At a memorial service honoring the Dallas police officers who were slain after the killing of two black Americans by white officers, President Obama called for unity: “We turn on the TV or surf the internet, and we can watch positions harden and lines drawn and people retreat to their respective corners. … I’m here to insist that we are not as divided as we seem.”

On some level, of course, the president is right. Few Americans have much patience for deadly force, especially when it appears to be driven by racism on the one hand, and responsive vigilantism on the other.

Be that as it may, we do find ourselves at a crossroads. Police have used racially-tinged force, most recently against Alton Sterling and Philando Castile, who were killed within a day of each other. Former Army reservist Micah Johnson answered that force in Dallas, as did former Marine Gavin Long in Baton Rouge — the two killing a total of eight police officers.

We find ourselves at a crossroads because both sides in the political debate over police use of deadly force are actually involved in a much larger argument, and they seem not to realize the ramifications of their respective positions. And this has led to a perfect storm where state-sanctioned use of violence is concerned.

The left stresses the need for government regulation in virtually every aspect of American life, utterly failing to realize that every new law and regulation increases the power of the police state by definition. When the call is for more government action to address literally every social ill, police power is the logical culmination of that call. As Yale law professor Stephen L. Carter explains, “On the opening day of law school, I always counsel my first-year students never to support a law they are not willing to kill to enforce.”

Whenever anyone runs afoul of the will of the state, this is the worst-case scenario. And the worst-case scenario happens often enough that we are becoming desensitized to it. The call for more regulation ultimately ends, always and everywhere, as a call for more police.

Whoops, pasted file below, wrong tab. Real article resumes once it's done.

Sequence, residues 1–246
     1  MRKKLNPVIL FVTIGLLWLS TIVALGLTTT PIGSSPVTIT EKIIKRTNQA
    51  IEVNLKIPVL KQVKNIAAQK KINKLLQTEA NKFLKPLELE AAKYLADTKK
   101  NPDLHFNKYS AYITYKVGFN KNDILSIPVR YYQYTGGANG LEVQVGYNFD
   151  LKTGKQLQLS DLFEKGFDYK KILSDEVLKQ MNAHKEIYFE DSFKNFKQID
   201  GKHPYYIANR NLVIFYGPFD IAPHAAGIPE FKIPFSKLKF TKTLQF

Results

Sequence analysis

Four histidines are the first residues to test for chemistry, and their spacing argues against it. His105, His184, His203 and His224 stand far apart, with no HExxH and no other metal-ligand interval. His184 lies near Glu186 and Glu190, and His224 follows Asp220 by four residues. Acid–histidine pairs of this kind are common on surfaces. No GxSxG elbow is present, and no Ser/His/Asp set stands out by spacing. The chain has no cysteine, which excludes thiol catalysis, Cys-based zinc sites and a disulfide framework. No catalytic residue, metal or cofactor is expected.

The right, not to be outdone, often proposes its share of regulation too, if largely in the social realm. In so doing, conservatives implicitly call for the expansion of the very state power they explicitly claim to want to counteract. In addition to increasing police power, conservatives seem almost congenitally incapable of understanding that power brings with it attendant difficulties to which they are seemingly blind. Police, for the American right, are by definition heroes. And heroes can do no wrong, even when they kill.

What we are left with is one group of people who honestly believe the power of the state can answer virtually all of our problems, but who are deeply suspicious of the police, the very people charged with enforcing the very regulation they want, and another who want some kinds of regulation, but who cannot fathom that the police might cause a problem at all.

Every time we look to government to pass a law of any kind, we give it license to use violence. Liberals asked government to discourage smoking, so policymakers imposed high taxes on cigarettes. This led to the police killing of Eric Garner, when he was violently arrested for selling untaxed cigarettes. Liberals asked government to restrict people’s access to guns. This lead to the police killing of 12-year-old Tamir Rice as he carried a toy gun through town. Conservatives saw to it that these same police were outfitted in military gear and shielded from the responsibility of their actions.